Germany to enter new national lockdown over Christmas and into New Year

13 December 2020, 13:33

Leaders in Germany's 16 states have agreed to step up the country's lockdown measures from December 16
Leaders in Germany's 16 states have agreed to step up the country's lockdown measures from December 16. Picture: PA

By Asher McShane

Germany is to close most shops and schools, and limit social contact from the middle of December to January 10, Angela Merkel announced today.

The measures are an effort to drive down the rate of coronavirus infections that have remained stubbornly high in the country in recent weeks.

The German Chancellor said she and the governors of Germany's 16 states had agreed to step up the country's lockdown measures from December 16 to January 10 to stop the exponential rise of Covid-19 cases.

"We are forced to act, and we're acting too," Mrs Merkel said today.

Read more: London packed with Christmas shoppers amid Tier 3 warnings

Existing restrictions imposed in November have failed to significantly reduce the number of new infections, she said.

Germany recorded 20,200 newly confirmed cases and 321 additional deaths on Sunday, a high number for the weekend when many local authorities do not report figures.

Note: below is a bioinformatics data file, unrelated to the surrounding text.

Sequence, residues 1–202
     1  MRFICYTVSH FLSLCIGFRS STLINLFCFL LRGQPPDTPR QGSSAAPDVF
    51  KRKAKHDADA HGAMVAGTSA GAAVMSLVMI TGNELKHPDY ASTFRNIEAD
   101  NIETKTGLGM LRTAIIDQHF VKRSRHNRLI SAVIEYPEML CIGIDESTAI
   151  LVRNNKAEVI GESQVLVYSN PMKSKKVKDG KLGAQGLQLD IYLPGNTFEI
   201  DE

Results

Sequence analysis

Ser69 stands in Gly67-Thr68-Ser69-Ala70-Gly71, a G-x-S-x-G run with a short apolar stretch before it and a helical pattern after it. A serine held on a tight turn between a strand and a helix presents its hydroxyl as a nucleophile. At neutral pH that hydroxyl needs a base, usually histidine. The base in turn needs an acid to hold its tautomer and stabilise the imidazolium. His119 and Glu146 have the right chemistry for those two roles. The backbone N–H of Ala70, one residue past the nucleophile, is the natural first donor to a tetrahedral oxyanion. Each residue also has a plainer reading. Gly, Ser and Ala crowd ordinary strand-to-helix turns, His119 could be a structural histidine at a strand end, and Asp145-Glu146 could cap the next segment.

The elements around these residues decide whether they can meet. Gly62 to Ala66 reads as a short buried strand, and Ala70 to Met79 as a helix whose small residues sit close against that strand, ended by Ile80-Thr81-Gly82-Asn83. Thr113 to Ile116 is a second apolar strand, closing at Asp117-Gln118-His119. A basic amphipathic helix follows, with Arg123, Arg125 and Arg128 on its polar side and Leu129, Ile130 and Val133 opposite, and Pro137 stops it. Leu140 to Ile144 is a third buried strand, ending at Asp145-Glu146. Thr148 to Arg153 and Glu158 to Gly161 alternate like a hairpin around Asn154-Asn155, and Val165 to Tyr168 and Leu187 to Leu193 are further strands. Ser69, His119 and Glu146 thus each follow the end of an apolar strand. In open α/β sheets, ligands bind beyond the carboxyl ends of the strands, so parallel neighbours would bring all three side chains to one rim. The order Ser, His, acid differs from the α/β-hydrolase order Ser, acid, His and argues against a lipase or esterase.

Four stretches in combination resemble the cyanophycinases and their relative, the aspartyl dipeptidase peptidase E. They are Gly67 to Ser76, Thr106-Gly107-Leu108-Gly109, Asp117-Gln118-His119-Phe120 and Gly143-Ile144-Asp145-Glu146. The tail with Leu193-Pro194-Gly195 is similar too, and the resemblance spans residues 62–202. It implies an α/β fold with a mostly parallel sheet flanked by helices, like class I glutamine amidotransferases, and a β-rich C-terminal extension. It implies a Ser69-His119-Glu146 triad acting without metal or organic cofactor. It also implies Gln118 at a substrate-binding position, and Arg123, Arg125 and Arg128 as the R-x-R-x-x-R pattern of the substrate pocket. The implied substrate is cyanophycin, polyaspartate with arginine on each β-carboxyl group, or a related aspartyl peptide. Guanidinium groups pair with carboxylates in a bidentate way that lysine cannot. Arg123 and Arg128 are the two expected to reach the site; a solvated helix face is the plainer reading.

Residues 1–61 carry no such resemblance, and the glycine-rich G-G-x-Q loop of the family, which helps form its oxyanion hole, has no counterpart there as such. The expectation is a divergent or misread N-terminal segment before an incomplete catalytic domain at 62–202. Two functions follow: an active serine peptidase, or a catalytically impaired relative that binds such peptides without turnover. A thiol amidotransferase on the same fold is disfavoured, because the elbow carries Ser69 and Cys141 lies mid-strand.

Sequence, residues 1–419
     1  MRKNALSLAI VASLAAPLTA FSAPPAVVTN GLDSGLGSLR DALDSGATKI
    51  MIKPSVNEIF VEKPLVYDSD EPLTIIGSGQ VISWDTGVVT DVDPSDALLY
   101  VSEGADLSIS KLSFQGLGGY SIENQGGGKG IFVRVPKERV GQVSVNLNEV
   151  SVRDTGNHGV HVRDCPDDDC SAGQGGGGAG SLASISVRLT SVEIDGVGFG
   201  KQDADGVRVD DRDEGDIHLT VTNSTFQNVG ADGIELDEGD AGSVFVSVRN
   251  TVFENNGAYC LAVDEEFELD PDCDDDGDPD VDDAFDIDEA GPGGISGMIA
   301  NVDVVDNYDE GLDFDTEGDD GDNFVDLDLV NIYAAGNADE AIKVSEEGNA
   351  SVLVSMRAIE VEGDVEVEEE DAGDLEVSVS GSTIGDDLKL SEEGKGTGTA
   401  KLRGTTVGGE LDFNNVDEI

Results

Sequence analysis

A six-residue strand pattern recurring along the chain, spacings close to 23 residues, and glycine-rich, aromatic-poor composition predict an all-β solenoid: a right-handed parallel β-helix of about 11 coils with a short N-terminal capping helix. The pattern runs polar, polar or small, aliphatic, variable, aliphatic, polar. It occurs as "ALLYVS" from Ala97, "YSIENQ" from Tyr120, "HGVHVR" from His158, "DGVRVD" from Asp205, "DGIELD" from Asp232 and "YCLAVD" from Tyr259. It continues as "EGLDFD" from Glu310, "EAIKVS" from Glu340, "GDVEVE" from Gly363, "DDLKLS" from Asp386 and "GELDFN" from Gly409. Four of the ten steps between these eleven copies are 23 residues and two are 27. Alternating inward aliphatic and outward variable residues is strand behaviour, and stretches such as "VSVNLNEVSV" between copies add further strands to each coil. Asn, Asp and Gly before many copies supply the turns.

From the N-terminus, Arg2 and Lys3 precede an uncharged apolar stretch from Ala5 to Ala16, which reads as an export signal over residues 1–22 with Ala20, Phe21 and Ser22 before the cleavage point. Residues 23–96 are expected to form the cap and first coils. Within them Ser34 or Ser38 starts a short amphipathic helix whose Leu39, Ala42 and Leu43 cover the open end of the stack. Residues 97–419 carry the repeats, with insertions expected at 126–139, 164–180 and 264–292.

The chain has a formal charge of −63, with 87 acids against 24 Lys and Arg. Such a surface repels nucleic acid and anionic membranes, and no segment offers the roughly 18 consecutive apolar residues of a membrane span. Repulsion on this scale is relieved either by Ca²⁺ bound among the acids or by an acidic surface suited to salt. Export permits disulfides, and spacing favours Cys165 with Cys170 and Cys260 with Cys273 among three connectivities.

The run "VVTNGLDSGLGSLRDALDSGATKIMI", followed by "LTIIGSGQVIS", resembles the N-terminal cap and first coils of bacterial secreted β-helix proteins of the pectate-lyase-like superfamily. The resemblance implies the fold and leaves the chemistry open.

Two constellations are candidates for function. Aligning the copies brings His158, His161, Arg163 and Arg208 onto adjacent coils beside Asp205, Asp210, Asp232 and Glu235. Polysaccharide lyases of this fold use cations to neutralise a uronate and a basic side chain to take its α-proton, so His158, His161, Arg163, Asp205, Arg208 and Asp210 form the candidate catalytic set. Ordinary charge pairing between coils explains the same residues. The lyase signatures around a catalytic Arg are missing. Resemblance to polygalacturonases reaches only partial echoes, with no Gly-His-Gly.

The seven-day rolling average of daily new cases in Germany has risen over the past two weeks from 21.23 new cases per 100,000 people on November 28 to 26 new cases per 100,000 people on December 12.

From Wednesday, schools nationwide will be closed or switch to home schooling, and most non-food stores will be shuttered, as will businesses such as hairdressers that have so far been allowed to remain open.

Restaurant takeaways will continue to be permitted but consumption on site - including of alcoholic beverages - will be banned.

With the exception of Christmas, the number of people allowed to meet indoors will remain restricted to five, not including children under 14.

The sale of fireworks traditionally used to celebrate New Year's will also be banned, as will public outdoor gatherings on New Year's Eve.

Bavaria's governor, Markus Soeder, said the ban on fireworks follows appeals from hospitals which said they would not be able to treat the large number of serious injuries that result from mishandled explosives every year.

The overall measures are necessary to prevent the number of new cases and deaths rising further, said Mr Soeder, adding: "We need to be careful that Germany doesn't become the problem child of Europe."

Finance Minister Olaf Scholz said the government will provide further financial support for businesses affected by the lockdown.

German news agency dpa reported that the additional sums set aside amounted to 11.2 billion euros (£10.3 billion).

Employers will be asked to let staff work from home, where possible, for the next month.